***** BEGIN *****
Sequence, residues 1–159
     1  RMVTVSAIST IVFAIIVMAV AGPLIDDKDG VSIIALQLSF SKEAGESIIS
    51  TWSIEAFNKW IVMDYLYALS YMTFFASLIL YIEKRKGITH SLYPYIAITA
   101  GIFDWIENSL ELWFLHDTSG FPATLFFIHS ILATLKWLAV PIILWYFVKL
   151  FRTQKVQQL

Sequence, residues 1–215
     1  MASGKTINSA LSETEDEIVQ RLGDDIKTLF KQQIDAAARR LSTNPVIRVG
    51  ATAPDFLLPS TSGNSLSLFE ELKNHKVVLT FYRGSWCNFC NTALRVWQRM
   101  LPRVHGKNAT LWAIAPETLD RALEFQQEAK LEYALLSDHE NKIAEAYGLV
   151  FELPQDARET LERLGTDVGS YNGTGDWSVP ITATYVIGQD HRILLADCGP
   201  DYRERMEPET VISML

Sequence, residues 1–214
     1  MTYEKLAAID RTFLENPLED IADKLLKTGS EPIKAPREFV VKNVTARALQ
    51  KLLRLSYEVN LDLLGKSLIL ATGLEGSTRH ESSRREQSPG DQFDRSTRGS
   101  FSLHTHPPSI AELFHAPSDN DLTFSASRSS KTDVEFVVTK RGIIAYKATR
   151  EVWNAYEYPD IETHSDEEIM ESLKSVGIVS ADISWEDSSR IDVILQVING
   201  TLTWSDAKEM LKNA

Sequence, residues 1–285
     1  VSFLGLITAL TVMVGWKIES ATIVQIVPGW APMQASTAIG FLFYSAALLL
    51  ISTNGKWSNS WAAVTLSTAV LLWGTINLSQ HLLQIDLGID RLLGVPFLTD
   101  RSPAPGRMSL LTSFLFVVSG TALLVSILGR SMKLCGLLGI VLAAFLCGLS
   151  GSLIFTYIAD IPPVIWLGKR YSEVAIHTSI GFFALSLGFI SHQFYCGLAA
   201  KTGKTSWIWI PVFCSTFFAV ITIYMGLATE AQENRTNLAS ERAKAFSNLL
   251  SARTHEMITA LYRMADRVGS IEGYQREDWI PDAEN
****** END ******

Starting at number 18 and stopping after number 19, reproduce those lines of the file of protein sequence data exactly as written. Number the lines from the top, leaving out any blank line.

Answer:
Sequence, residues 1–285
     1  VSFLGLITAL TVMVGWKIES ATIVQIVPGW APMQASTAIG FLFYSAALLL